Calvin, Hobbes & Peanut Butter

Calvin and Hobbes ‘got’ me. I got them. I felt the unfairness of the world same as them, the rebellion against conformity, the over-the-top reactions, always pushing just that bit too far and the love of that one special friend who saw past the one-man-band kind of bedlam that was me. They got all that and peanut butter too, Calvin’s metaphor for life –

Copyright Bill Waterson 1993

I had never tasted peanut butter when I first read that, but I thought it had to be a helluva sandwich to provoke such beliefs.

I loved too, that he was a purist – crunchy all the way, white bread only, none of that weird grain bread stuff, it had to be cut into triangles and NO JELLY. I could have married him.

Everytime I open a jar of peanut butter, I try to do it Calvin’s way, which incidentally, doesn’t work when you get to the bottom of the jar. Like all staunchly upheld ideals, they inevitably tumble with their own weight. It’s a happy dig at childhood to keep trying though, a daft homage to Calvin’s uncompromising viewpoint in a world that forces you to bend.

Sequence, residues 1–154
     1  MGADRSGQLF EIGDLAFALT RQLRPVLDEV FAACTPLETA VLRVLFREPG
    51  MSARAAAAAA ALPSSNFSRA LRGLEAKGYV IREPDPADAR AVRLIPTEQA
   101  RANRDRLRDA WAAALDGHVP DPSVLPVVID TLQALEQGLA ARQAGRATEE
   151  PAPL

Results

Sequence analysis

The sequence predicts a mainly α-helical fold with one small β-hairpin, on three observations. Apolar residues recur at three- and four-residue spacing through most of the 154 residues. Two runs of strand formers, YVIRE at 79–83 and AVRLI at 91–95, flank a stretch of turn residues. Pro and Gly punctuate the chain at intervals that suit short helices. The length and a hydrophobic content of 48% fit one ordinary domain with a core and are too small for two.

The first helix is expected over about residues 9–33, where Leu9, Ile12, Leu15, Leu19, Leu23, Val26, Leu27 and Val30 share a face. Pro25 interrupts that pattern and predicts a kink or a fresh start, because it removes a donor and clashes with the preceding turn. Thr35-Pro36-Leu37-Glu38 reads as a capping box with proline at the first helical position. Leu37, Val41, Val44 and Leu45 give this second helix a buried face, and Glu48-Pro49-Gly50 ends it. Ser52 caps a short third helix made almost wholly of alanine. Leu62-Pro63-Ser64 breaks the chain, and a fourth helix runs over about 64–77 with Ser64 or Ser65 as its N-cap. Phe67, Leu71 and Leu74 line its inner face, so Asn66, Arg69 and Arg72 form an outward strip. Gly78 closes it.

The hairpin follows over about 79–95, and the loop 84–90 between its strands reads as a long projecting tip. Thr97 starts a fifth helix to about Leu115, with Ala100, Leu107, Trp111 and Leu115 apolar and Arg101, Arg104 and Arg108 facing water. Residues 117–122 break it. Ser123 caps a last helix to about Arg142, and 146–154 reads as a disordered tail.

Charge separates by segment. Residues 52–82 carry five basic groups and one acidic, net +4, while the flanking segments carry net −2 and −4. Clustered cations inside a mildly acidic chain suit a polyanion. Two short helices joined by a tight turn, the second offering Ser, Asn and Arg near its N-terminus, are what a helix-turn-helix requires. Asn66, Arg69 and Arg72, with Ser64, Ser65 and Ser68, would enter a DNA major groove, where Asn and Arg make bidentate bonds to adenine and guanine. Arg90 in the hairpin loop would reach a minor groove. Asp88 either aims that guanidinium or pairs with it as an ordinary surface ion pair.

It is slightly screwed up to wonder, at the ripe age of 35 whether Calvin would approve of a PnB Ice Cream? This one being made with crunchy PnB might smooth him over. He could set aside his misgivings when he sees the ball of frozen nutty cream drenched in a hot chocolate sauce that cools, thickens and gets beguilingly chewy. Or Calvin might throw a fit and storm off in a huff but Hobbs would cuddle up for a lick from the bowl.

Peanut Butter Ice CreamPNB Ice Cream_0034

PNB Ice Cream_0002

This ice cream went down a storm with the family – The Scotsman, his visiting parents and the bairns. It’s pretty easy too as there is no nerve racking custard to watch like a hawk. Here milk and cream are scalded, infused with vanilla, beaten into huge blobs of peanut butter (of your chosen variety), cooled and churned. This recipe comes from the wonderful book Lola’s Ice Creams & Sundaes by Morfudd Richards and judging by this inaugural recipe, I’m going to be dipping into it a lot this summer. The hot chocolate sauce is the work of Felicity Cloake, the excellent food writer and recipe tester extraordinaire of The Guardian. The only thing I added was warm water to get the sauce to the consistency I preferred.